Vegan Food Guide

 

Vegan Food Guide
A Guide to Daily Food Choices
From Becoming Vegan by Brenda Davis and Vesanto Melina, The Book Publishing Company, 2000 (Email to order large and 8″ x ll” posters.) The ranges in servings allow for differences in body size, activity levels and age. For example, smaller and less active people need fewer servings; larger, more active people need more.

Food Group
Servings per day

What Counts As A Serving? Important Comments

Grain Group
(bread, cereal, whole grains & pasta)

6-11 servings


1 slice of bread
1 oz (28 g) ready-to-eat cereal
� cup cooked grains, cereal or pasta
2 Tbsp wheat germ
1 oz (28 g) other grain products

Choose mainly whole grains.
Good examples are brown rice, barley, quinoa, millet, oats, wheat & kamut berries are, as well as whole grain breads and cereals.

Vegetable Group

3 or more servings

� cup (120 mL) vegetables
1 cup (240 mL) salad
� cup (180 mL) vegetable juice

Eat a wide variety of colorful vegetables.
Include raw vegetables each day.

G
reen leafy vegetables are excellent sources of folate; many are rich in calcium too!

Fruit Group

2 or more servings


1 medium apple, banana, orange, pear
� cup (120 mL) fruit
� cup (180 mL) fruit juice
� c dried fruit

Select an assortment of fruits, including those rich in vitamin C.
Good choices are citrus fruits, kiwi, strawberries, guava, papaya, cantaloupe, and mangos.

Beans & Bean Alternates Group
(beans, tofu, nuts & seeds)

2-3 servings

1 cup (240 mL) cooked legume (beans,
lentils, dried peas)
� cup (120 mL) firm tofu or tempeh
1 serving veggie �meats� (1 burger or
wiener, 2-3 lunch slices)
3 Tbsp (45 mL) nut or seed butter
� c (60 mL) nuts & seeds
2 cups (480 mL) soymilk

For maximum benefit, eat a wide range of these protein-rich foods.
Eating vegetables or fruits rich in vitamin C along with these foods increases iron absorption.
Nuts and seeds provide vitamin E & minerals.

Fortified-
Soymilk
& Alternates
Group

6-8 servings

� cup (120 mL) fortified soymilk
� cup (60 mL) firm calcium-set tofu

� cup (120 mL) calcium-fortified
orange juice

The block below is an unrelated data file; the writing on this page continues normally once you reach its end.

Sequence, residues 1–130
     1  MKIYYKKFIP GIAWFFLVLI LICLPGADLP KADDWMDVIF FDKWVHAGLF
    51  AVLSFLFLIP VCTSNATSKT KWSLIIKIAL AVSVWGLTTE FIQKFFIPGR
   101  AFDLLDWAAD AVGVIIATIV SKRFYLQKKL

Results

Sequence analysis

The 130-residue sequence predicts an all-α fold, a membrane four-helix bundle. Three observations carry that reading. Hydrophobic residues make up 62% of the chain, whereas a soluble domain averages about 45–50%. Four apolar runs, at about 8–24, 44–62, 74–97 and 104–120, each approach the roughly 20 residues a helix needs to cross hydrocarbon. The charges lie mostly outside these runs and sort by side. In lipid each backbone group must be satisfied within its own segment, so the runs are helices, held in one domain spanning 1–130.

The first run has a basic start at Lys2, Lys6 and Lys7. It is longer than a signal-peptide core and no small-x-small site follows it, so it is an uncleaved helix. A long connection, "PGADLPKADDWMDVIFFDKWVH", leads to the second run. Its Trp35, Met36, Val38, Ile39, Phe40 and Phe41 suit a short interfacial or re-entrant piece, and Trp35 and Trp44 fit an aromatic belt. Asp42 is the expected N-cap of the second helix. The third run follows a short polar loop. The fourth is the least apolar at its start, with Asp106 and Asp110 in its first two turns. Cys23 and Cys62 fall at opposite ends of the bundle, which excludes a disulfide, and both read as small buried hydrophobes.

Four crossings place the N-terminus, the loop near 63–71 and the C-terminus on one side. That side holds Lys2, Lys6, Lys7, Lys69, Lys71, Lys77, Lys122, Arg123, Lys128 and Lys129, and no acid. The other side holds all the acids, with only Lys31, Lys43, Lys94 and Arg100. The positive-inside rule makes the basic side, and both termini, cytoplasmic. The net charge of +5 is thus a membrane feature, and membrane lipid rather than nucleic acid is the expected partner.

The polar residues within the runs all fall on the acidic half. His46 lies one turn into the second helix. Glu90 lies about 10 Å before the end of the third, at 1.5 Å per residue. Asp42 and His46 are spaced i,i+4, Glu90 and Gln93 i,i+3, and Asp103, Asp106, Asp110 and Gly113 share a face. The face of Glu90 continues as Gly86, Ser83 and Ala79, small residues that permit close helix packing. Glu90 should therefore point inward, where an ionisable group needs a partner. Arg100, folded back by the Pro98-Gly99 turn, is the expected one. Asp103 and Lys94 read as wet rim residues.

� cup (60 mL) almonds
3 Tbsp (45 mL) almond butter
1 cup (240 mL) cooked, or 2 cups (480
mL) raw, of high calcium greens,
(kale, collards, Chinese greens,
broccoli, okra)
1 cup (240 mL) high calcium beans,
(i.e. soy, white, navy, Great
Northern, black turtle beans)
� cup (60 mL) dry hijiki seaweed
1 Tbsp (15 mL) blackstrap molasses
5 figs

Get to know your calcium sources!
Many of these foods double as servings from the Vegetable and Bean Groups. Include calcium-rich foods with every meal.
Foods should provide at least 15% of the DV per serving to be included as a serving in this group. (If a serving provides 10% of the DV, use 1-� servings.)

Other
Essentials
Group

Omega-3 fatty acids 1-2 servings

Vitamin B12 to meet recommended intakes

Vitamin D to meet recommended intakes

Omega-3 fatty acids
Serving =1 tsp flax oil,
4 tsp canola oil,
3 Tbsp walnuts

Vitamin B12
Fortified foods or supplements supplying:
2.4 mcg (adults)
2.6-2.8 mcg/day (pregnancy and
lactation)
0.9-1.8 mcg/day (children)

Vitamin D
Fortified food or supplements supplying
5 mcg /day Vitamin D
2 for adults aged
up to 50;
10 mcg /day 51-70 yrs, or
15 mcg for those aged 70+ years);

or
sunshine.

Pay attention to these important nutrients.
The best source of omega-3�s for vegans is flax oil. Use it in dressings for salads, baked potatoes, vegetables and grains!

Look for foods fortified with vitamin B12. (Red Star Vegetarian Support Formula nutritional yeast is a good example.)
If you don�t get enough sunshine, be sure to get vitamin D2 from foods or supplements.

Many thanks to EarthSave International, John Borders and artist Dave Brousseau for their tremendous assistance with the Vegan Food Guide graphic.

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